Section of Trump’s Wall topples over in high wind

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Newly installed panels from the US border wall fell over in high winds Wednesday, landing on trees on the Mexican side of the border.

The area is part of an ongoing construction project to improve existing sections of the wall…

The National Weather Service reports that winds in the area gusted as high as 37 mph Wednesday. Video from CNN affiliate KYMA shows the metal panels leaning against trees adjacent to a Mexicali, Mexico, street as the wind whips up dirt from the construction site on the other side of the border.

“We are grateful there was no property damage or injuries,” said Pitones.

Keep the Fake President away from there. He produces enough wind to knock over miles of his crap wall.

5 thoughts on “Section of Trump’s Wall topples over in high wind

  1. HAR says:

    U.S. Border Patrol agents say they discovered a massive tunnel that spans the U.S.-Mexico border on Wednesday.
    The 4,309 feet tunnel starts in Tijuana and ends in the Otay Mesa warehouse district in San Diego, authorities said, according to a USA Today report. Border Patrol told the news outlet that it is the longest tunnel it has ever discovered along the Southwest border.
    The tunnel is complex, as well, according to the agency. It includes an average depth of 70 feet below ground, an elevator, an extensive rail cart system, forced air ventilation, high-voltage electrical cables and a drainage system, according to the report.
    The second-longest tunnel in the U.S., discovered in San Diego in 2014, extended 2,966 feet, the Border Patrol said.
    U.S. Drug Enforcement Administration (DEA) Press release 1/29/20:

  2. Where there's a will says:

    Smugglers in Ciudad Juárez, Mexico, have engineered camouflage hook-and-ladders made of rebar that blend in so well with the border wall that it can be hard to detect, according to U.S. Border Patrol.
    El Paso’s urban stretch of border is littered with the rusted rebar ladders at the base on both sides — ladders lying in wait on the Mexican side, ladders pulled down by border agents or abandoned by smugglers on the U.S. side. (see video)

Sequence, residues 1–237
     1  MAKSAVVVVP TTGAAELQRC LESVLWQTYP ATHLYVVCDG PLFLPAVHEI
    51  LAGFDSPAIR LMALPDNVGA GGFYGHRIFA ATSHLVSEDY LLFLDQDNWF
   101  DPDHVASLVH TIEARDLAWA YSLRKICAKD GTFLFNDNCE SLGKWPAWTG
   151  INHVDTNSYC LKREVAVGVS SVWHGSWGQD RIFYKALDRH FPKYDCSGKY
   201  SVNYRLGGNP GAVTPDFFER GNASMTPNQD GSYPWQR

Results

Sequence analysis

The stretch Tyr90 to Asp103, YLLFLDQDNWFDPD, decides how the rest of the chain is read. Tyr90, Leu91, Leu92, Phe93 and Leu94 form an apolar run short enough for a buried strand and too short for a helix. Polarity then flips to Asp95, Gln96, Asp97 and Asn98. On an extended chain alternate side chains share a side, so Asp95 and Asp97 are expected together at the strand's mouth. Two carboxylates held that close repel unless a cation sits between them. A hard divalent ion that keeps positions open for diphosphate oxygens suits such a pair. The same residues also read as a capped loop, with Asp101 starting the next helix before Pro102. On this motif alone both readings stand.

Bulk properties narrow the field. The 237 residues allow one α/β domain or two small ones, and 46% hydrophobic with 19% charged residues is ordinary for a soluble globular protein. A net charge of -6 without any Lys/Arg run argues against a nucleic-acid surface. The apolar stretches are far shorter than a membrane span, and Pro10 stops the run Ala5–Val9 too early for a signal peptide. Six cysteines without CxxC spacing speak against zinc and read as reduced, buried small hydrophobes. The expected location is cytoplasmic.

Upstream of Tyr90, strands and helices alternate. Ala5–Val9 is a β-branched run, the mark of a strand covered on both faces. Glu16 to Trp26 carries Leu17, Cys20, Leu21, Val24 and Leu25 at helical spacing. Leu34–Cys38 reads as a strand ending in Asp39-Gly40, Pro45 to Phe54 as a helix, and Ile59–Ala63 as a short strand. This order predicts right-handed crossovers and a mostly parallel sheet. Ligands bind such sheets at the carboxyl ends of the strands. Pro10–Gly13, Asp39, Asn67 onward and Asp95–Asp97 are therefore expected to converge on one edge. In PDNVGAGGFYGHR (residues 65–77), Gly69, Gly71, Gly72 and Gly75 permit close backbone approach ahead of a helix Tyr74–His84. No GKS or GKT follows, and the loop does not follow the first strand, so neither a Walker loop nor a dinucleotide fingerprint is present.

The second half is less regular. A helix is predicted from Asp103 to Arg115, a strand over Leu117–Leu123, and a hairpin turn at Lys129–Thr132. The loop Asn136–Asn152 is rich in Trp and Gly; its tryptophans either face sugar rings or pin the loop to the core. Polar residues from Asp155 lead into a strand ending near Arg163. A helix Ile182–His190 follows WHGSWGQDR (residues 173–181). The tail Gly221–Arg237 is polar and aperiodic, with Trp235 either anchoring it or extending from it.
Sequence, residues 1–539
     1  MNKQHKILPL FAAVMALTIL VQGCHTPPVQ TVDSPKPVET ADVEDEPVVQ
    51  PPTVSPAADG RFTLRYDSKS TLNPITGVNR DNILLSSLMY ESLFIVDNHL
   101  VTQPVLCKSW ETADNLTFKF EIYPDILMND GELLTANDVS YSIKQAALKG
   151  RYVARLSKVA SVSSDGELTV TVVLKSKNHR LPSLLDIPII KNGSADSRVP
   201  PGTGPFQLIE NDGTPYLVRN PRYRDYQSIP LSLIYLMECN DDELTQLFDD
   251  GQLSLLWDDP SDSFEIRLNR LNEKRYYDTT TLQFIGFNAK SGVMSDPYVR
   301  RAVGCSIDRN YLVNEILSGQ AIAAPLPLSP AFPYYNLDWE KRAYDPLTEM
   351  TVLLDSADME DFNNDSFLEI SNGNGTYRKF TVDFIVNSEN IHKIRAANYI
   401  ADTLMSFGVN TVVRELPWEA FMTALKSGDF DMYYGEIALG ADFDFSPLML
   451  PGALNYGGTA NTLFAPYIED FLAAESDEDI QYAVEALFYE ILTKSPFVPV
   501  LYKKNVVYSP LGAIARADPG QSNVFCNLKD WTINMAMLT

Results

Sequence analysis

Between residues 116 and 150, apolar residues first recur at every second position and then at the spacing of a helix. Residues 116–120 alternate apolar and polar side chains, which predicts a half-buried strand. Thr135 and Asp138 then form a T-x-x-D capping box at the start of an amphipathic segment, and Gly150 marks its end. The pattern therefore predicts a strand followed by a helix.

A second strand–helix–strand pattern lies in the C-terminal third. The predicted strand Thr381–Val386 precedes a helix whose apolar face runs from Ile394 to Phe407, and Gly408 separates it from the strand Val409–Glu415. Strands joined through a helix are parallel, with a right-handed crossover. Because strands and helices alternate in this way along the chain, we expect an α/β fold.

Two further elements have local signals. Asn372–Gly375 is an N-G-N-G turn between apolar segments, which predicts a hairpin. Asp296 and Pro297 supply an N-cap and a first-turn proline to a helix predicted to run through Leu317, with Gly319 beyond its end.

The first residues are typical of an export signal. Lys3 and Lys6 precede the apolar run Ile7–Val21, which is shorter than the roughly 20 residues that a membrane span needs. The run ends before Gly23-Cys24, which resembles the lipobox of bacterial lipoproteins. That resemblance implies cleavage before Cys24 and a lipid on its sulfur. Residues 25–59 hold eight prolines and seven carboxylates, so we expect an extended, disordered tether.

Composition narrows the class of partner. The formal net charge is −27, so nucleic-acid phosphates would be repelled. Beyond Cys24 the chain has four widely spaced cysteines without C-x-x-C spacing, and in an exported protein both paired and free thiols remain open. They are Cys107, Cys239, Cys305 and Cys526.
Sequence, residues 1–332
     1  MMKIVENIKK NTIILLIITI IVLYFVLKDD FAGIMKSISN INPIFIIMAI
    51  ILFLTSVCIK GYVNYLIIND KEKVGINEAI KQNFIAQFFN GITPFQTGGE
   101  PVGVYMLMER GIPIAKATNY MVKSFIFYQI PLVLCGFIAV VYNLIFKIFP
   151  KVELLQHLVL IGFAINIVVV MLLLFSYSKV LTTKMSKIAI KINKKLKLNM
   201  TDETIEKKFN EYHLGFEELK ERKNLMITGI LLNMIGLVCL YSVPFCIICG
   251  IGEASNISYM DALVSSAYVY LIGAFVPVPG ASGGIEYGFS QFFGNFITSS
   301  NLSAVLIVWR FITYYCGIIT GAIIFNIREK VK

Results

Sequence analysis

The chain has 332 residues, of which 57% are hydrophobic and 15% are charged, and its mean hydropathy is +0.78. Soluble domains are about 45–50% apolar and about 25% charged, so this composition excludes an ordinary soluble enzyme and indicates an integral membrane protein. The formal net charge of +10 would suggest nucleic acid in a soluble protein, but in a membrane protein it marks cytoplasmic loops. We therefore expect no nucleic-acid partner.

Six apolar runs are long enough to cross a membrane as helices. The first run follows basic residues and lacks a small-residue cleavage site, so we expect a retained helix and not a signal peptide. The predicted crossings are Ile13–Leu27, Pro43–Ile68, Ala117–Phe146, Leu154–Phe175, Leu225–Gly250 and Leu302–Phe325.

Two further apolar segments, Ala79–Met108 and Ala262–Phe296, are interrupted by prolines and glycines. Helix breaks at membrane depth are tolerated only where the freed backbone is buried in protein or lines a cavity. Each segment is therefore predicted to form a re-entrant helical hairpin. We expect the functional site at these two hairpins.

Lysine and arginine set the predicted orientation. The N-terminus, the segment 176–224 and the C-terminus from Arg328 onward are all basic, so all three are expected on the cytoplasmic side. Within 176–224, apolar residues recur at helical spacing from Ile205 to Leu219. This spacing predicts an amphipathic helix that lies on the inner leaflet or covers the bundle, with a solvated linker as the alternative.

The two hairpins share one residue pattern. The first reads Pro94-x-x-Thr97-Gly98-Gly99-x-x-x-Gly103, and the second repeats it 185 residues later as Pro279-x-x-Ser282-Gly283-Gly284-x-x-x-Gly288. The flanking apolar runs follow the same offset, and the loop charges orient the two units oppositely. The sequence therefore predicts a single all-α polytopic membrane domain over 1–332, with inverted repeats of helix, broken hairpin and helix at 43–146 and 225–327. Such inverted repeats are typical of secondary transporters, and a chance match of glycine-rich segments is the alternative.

The ladders appear to be made with two poles of ⅜-inch rebar and four thinner poles, outfitted with steps and bent over at the end in a U, to hook on the top of the wall. It’s the sort of cubed rebar support structure used in construction in Mexico, called castillo.
    Reportedly the rebar ladders started turning up in large numbers in the El Paso sector last year in May, around the time that construction of the most recent replacement wall finished downtown. They’ve been a go-to method for scaling the fence in the urban footprint since.

  3. Update says:

    (ProPublica 7/2/20): Trump supporters funded a private border wall on the banks of the Rio Grande, helping the builder secure $1.7 billion in federal contracts. Now the “Lamborghini” of border walls is in danger of falling into the river if nothing is done, experts say.
    Last December, Rep. Bennie Thompson, D-Miss., called for the Pentagon’s inspector general to review Fisher Sand and Gravel Co’s Fisher first $400 million fence contract, awarded in December over concerns of “inappropriate influence.” The audit is ongoing.
    (Washington Post 12/2/19): “A company that President Trump urged military officials to hire for border wall construction has been awarded a $400 million contract to build a span of new barrier across an Arizona wildlife refuge, according to a Defense Department announcement Monday.”

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